One-third fall foul for having no clear FSA statements on website

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One-third of chartered brokers are in danger of being fined by the Financial Services Authority (FSA) as a result of having no clear FSA statements or links to statements on their website, a new survey has revealed.

The review of UK chartered broker websites was commissioned by AXA Commercial Lines and Personal Intermediary, and also found that one in 10 brokers had the FSA logo on their home page, contravening its licensed use which does not extend to websites.

The study found that brokers were doing themselves a big injustice by failing to promote their services adequately, with some falling foul of the FSA guidelines. It also revealed that a significant proportion of chartered broker websites have overlooked the basics.

The report revealed that 38% of brokers did not even mention their chartered status online, while 22% did not have any contact details on their home page.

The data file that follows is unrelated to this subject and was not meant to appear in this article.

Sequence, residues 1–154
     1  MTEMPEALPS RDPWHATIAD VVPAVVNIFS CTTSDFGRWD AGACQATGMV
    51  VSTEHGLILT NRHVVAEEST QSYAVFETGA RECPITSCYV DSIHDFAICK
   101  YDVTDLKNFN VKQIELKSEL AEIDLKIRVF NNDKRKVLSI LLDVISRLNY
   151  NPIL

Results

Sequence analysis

Despite evidence of a number having spent money on search engine optimisation, many are essentially invisible, the review found.

AXA Commercial Lines and Personal Intermediary head of broker development Ken Wright said: “We undertook a review of the UK’s chartered broker websites to identify some common problems and issues and ways in which we could help. We’ll take our findings to work with brokers and help them easily implement to help improve their desirability and visibility to customers.

“The majority of brokers are doing a good job, and there’s evidence that some understand the benefits of website optimisation to stay one step ahead of the competition. However, there’s always room for improvement, and by producing a checklist, brokers can ensure they are doing all they can to help market themselves.”

On the flipside, the survey found brokers were beginning to embrace the power of social media to contact customers. Almost one-third (31%) were promoting social media accounts on their websites, with Twitter (72%) the most popular outlet. LinkedIn (48%) and Facebook (45%) were close behind.